The Historical Context of African American Newspapers: The 19th Century and The Chicago DefenderWhen Woodrow Wilson was mentioned in the Chicago Defender, it stated "President Woodrow Wilson (white) yesterday announced..." because that was how the African Americans of the time were cited in white-owned papers.
Last weekend I was watching TV (okay, so I watch a lot of TV while knitting and spinning) and I saw a fantastic program on PBS called The Black Press: Soldiers without Swords (Video #4678). Like much of what passes for entertainment on television today, it was fascinating. It delved into the blossoming of Black-owned newspapers all over the country after the Civil War when African Americans, especially in the South, were first allowed to read and write and used their literacy to keep abreast of what was happening in their world and also to actively change it.
When certain cities, again especially in the South, outlawed the distribution of the newspapers, Pullman Porters distributed them between towns by tossing bundles of them off trains. They said each purchased paper of the Chicago Defender was read by 4-5 people, since they were passed among friends.
More information, the entire transcript of the program, additional transcripts and videos of journalists, historians, and everyday folks talking about the importance of Black-owned newspapers are available free on PBS's website: The Black Press.
The UF libraries have electronic access to a database of African American Newspapers from the 19th century. We also have access to the Chicago Defender through the Black Studies Center.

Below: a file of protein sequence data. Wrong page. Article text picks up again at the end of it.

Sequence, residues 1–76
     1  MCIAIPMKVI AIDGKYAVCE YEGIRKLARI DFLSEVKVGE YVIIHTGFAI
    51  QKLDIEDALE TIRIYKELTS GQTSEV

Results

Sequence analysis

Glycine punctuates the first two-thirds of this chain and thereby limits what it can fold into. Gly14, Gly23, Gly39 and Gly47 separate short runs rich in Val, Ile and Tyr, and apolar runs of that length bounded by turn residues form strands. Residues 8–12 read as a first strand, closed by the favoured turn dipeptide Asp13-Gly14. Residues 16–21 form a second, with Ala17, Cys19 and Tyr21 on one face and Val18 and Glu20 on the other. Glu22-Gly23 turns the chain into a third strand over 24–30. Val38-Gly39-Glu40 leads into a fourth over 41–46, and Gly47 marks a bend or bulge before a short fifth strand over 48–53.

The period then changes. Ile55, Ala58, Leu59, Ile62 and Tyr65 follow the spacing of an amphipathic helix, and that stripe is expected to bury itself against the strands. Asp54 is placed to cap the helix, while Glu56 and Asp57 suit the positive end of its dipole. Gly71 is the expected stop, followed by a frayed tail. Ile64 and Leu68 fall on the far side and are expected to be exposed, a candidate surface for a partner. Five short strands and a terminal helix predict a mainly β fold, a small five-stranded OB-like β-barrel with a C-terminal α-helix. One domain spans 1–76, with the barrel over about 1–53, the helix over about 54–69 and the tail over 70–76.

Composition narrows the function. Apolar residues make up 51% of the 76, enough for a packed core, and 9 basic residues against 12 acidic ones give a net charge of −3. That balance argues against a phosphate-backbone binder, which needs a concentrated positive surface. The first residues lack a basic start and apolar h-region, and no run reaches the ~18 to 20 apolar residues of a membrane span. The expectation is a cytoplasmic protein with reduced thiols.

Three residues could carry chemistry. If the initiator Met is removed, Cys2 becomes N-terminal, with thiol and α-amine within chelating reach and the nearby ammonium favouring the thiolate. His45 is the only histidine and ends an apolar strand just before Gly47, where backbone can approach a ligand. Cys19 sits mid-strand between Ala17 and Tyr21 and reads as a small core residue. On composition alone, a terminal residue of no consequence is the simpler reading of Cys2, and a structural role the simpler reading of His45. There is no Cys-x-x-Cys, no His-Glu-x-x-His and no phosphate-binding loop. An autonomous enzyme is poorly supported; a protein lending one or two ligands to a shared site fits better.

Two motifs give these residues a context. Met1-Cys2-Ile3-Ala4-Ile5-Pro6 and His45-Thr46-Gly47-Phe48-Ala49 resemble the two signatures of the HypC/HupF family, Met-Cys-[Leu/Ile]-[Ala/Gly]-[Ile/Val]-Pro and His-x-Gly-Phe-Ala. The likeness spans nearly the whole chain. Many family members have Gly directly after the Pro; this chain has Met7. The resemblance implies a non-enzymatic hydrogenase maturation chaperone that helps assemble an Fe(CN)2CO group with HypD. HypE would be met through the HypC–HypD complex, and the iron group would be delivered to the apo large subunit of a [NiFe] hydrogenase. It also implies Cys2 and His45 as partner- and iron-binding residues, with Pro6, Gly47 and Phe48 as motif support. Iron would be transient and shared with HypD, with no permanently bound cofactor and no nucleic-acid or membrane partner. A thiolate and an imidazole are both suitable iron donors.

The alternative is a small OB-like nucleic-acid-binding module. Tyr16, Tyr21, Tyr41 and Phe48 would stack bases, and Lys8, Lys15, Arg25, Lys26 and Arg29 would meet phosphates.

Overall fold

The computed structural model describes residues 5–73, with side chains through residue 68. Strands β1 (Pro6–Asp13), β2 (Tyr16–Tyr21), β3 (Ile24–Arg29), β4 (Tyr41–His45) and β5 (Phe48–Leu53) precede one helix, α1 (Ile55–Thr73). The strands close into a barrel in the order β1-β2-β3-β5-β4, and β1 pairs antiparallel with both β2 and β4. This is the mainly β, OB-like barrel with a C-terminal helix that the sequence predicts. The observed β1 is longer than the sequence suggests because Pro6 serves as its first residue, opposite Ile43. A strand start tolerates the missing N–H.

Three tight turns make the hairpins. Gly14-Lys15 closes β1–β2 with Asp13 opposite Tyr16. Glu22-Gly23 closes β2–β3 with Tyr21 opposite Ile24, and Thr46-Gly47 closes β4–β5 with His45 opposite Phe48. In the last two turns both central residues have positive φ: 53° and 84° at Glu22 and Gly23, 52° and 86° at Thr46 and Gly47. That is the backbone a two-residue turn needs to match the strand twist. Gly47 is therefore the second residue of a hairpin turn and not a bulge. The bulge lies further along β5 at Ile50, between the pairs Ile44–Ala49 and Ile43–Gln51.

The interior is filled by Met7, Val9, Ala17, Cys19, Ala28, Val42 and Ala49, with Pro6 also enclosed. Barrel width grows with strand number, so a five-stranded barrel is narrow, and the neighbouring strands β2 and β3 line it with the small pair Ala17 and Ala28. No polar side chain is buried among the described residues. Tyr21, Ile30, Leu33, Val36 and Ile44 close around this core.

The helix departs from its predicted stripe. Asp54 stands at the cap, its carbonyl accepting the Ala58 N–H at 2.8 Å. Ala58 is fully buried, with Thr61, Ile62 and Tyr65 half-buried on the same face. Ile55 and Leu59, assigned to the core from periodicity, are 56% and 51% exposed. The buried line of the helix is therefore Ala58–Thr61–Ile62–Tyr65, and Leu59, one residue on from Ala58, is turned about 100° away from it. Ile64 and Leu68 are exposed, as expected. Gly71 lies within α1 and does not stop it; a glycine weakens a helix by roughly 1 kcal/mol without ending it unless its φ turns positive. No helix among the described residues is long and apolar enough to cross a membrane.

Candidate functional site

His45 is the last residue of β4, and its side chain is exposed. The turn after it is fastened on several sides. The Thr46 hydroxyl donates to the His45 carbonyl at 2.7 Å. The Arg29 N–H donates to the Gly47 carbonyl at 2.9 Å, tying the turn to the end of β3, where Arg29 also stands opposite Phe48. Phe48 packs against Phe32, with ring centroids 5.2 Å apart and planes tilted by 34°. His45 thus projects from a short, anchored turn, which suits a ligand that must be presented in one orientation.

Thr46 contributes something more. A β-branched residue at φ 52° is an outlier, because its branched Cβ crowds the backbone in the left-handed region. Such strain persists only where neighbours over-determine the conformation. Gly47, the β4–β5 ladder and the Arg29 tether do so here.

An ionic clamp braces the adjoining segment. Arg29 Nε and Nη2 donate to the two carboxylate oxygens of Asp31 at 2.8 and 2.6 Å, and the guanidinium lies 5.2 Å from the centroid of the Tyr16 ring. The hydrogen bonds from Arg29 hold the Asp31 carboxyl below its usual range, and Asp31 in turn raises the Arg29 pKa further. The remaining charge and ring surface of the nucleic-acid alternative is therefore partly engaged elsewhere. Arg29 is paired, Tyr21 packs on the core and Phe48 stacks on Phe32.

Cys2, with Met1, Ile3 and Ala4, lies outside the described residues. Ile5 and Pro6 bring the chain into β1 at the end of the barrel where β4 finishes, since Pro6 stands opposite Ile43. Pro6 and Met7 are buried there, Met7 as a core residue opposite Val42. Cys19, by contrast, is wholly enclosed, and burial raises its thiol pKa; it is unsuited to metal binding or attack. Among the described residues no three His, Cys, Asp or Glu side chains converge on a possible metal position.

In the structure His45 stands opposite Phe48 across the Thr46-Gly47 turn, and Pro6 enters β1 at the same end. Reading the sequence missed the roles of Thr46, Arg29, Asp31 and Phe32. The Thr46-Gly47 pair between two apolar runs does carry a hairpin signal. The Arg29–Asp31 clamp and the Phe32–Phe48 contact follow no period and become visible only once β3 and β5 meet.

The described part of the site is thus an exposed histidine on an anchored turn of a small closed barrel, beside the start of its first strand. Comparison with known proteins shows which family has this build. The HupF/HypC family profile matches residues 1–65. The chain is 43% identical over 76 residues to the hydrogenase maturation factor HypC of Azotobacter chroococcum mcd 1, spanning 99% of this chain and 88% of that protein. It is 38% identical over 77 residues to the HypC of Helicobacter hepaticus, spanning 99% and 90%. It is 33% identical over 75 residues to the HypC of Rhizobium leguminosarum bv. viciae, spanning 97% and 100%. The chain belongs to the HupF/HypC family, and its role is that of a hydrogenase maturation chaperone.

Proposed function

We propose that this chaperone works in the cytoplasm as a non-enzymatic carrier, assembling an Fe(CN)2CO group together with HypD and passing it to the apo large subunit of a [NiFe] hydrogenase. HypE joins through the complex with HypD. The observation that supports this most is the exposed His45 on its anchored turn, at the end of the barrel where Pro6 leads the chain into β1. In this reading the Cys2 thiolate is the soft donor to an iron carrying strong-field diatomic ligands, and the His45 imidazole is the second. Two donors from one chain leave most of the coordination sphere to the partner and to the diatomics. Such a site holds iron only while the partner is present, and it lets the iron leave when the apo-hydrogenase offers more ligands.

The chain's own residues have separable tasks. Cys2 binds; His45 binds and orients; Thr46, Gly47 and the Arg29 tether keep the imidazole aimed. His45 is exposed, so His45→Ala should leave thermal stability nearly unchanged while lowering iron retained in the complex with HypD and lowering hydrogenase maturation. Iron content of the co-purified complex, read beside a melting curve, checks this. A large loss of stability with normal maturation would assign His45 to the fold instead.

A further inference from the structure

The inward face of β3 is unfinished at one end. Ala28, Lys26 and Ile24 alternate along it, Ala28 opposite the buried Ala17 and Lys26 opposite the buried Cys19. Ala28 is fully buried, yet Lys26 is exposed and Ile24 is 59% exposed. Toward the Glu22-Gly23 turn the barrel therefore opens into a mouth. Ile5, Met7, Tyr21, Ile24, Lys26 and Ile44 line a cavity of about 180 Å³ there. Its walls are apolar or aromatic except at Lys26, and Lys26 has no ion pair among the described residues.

In addition, if you search in our catalog under the subject "african american newspapers," you'll find 6 newspapers. However, if you look at that result list, you'll see that in many entries "african american newspapers" is followed by the name of a state in the U.S. Thus, we have a newspaper or newspapers from that state in microfilm. We probably have newspapers from at least 20-25 states. Often more than one from each state. (The following is just one page of the results list.)
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So we have maybe a hundred newspapers to wander through. And books on the history of those newspapers as well.
Go ahead and start with the online papers, but look at the papers from your own neighborhood. See if you can find your family and friends in there! You never know when you'll find a cousin, your grandmother, or the man you most admired in your life in a newspaper article!